The girls are watching the tower, wishing the mosquitoes would leave them alone, wishing their backpacks weren’t so heavy. Ida Bergman bites her lip, wondering why her sister told her that story in the first place. They are shuffling their feet in the moss, rubber boots shining, when Simon Olsson plods through the undergrowth and fixes his stone-eyes on them.

“What are you waiting for?” His voice is a child’s, small and weightless, but it contains the promise of future growling. “I’ll go up there, since you’re all too scared.”

“It’s not safe, Simon. Don’t be stupid.” But they don’t try to stop him as he heads toward the tower that just stands there, silent, like a sleeping giant. Simon walks around the structure a few times, studying it as if to see whether to trust it. Then he starts scaling the ladder. The girls grab at each other, and Sara Ahlgren puts the tip of her braid in her mouth even though her mother has told her not to. Simon climbs swiftly, monkey-like, easily getting past those places where rungs are missing.

“He’s going to fall,” Ida Bergman says, though that’s not what she fears the most. He’s going to be taken by the ghost.

They let out a collective breath when Simon reaches the platform. For a moment he’s gone from view, but then he shows, arms flailing but face too far away for them to read his expression. He howls with glee, as if he’s done something great, and maybe he has. Then a rock lands in the moss next to Sara Ahlgren’s boot, and they shriek when they realize what Simon is doing.

“Stop it! You’re not allowed to throw rocks!”

Simon shouts something, but they can’t make out the words. More stones come flying, one hitting Jessica Svensson’s knee, and they flee through the undergrowth, back to the campsite. Mr. Ander is there, angry at everyone and speaking loudly while Lisa Johnsson stands by his side, crying.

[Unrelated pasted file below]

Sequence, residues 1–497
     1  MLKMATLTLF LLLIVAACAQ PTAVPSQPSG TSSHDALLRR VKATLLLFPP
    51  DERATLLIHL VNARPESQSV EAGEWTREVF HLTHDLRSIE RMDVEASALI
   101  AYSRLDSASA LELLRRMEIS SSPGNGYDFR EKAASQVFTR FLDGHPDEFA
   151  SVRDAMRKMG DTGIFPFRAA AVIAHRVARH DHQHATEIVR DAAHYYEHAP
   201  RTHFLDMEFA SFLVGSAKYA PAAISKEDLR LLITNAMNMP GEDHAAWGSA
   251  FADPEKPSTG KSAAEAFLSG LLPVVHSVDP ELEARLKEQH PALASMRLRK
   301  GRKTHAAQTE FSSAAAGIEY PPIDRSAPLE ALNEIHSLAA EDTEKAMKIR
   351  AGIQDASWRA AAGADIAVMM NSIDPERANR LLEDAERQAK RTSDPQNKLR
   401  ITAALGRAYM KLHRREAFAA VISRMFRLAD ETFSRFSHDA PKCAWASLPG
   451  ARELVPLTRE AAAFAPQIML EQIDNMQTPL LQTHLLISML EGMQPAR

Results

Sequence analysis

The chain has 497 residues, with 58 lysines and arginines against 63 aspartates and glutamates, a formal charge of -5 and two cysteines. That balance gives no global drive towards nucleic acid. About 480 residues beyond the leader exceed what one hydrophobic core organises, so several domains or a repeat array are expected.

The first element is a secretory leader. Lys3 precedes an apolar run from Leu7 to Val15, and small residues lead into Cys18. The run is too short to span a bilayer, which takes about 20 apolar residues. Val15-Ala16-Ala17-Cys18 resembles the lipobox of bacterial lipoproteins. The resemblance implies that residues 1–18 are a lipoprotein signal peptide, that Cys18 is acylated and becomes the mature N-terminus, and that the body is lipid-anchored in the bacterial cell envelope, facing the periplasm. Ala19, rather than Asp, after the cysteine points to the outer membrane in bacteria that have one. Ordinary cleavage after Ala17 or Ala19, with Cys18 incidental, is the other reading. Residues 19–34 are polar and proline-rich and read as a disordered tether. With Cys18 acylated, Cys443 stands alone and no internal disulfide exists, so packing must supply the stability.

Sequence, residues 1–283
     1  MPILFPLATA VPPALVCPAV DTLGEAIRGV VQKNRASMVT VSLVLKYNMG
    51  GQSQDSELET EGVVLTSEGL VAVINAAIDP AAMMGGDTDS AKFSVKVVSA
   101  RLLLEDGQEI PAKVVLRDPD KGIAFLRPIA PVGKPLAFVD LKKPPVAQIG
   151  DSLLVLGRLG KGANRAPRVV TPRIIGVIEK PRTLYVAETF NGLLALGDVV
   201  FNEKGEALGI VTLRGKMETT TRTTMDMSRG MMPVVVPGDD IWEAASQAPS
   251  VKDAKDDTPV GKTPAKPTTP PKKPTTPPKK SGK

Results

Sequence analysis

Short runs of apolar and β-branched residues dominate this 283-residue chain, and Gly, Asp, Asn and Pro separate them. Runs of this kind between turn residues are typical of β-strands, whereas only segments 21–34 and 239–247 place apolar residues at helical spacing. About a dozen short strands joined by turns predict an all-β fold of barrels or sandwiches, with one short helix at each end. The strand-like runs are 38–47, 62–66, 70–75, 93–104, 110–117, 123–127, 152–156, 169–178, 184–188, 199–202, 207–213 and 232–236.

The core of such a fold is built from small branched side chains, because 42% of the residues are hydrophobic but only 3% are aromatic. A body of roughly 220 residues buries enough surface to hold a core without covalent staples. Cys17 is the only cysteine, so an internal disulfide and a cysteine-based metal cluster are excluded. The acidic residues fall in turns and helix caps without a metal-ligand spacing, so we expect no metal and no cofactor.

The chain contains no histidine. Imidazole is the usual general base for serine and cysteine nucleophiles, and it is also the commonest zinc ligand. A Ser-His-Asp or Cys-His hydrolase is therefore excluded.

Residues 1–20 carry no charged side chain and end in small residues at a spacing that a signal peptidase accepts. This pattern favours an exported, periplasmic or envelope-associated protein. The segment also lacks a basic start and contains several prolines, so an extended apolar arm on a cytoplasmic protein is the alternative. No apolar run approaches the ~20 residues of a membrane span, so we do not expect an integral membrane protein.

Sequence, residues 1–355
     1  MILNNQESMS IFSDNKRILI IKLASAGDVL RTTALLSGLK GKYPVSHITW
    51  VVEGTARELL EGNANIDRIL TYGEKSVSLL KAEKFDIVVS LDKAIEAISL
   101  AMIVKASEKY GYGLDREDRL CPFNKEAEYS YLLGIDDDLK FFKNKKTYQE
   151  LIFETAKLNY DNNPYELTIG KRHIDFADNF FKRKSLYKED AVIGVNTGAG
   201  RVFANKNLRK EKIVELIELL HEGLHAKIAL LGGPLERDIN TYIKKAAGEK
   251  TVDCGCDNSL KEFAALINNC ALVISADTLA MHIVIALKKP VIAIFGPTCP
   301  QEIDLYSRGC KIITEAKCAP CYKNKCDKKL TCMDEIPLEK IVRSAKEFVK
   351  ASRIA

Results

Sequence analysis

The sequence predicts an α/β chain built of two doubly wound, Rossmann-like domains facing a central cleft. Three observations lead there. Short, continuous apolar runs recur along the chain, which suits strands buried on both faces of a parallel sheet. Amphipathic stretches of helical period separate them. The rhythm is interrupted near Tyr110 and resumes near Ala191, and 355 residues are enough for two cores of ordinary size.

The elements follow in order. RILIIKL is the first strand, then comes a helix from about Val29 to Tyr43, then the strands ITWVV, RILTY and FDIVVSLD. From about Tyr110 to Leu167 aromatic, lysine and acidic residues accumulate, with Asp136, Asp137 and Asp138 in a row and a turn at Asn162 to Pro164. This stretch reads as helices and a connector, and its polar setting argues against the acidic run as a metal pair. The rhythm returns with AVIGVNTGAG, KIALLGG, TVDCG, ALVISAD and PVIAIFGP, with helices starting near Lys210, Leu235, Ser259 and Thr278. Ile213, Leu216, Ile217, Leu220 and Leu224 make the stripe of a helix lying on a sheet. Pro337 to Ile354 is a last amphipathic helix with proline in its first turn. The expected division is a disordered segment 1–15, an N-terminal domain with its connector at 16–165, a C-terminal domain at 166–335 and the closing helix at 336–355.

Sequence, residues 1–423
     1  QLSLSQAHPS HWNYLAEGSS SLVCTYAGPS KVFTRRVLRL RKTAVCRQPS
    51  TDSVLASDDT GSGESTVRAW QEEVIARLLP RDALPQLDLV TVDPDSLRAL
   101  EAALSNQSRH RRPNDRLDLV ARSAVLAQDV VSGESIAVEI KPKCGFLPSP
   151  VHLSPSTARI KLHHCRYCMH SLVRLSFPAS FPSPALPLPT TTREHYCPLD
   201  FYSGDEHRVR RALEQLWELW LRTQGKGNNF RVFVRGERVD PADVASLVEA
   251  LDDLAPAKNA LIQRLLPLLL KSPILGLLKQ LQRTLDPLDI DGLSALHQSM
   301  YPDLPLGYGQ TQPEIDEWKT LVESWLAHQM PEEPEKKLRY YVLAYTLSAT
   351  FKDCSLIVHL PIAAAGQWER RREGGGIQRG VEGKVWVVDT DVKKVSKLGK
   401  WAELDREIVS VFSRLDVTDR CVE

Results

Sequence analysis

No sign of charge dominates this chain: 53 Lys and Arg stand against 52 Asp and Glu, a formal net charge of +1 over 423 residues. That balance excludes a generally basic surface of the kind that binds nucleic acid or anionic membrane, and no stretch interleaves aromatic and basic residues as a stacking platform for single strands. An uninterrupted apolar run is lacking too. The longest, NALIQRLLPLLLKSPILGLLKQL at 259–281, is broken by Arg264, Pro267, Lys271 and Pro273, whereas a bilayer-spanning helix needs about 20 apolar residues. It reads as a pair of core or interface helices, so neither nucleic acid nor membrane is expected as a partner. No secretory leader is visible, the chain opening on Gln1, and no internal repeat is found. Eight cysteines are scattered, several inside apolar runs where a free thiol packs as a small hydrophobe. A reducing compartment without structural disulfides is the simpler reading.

“Where have you been!” He glares at them, Ida and Sara and Jessica, and his forehead is glossy with sweat. “This is the last time you’re going on an excursion with me, let me tell you that much. We’re going back to the school right now.”

“But Simon is in the tower,” Ida Bergman pipes up, because she strongly feels that Simon being in the tower is her fault.

Mr. Ander’s face knits together in a frown and then widens, as if something has pulled it to the sides. “Oh, for fuck’s sake.”

The children glance at each other, fairly certain that Mr. Ander is not supposed to use that word in front of them. He dashes into the woods and they follow, nine little shadows, eighteen little feet. When they reach the tower Mr. Ander starts shouting Simon’s name, but Simon doesn’t show. He’s not standing on the platform, he’s not on the ladder, and there’s no trace of him on the ground. Only the rocks, the tiny, sharp-cornered rocks he’s littered the moss with. They look just like Simon’s eyes.  

Maybe he’s trapped up there, Ida Bergman wants to say. Maybe the ghost has taken him. But Mr. Ander shakes his head, and in the end Simon Olsson is just an annoying brat who throws rocks at girls. He has probably hidden away in the woods in order to prank them on the way home.

“I need to make a call,” Mr. Ander says, but he has no reception until they’re back at the school and the girls sit down on the swings to drink their milk and eat their chocolate bars. They watch Mr. Ander talk, and talk, and talk, and they wonder if Simon Olsson is a ghost now, too. 

AUTHOR BIO: Elin Olausson is a fan of the weird and the unsettling. She has had stories featured in Curiouser Magazine, Luna Station Quarterly, and anthologies such as Dark Ink Books’ Unburied, Nightscript 7, and Scare Street’s Night Terrors Vol. 4. Elin’s rural childhood made her love and fear the woods, and she firmly believes that a cat is your best companion in life. She lives in Sweden.

Elin’s Links: Website | Twitter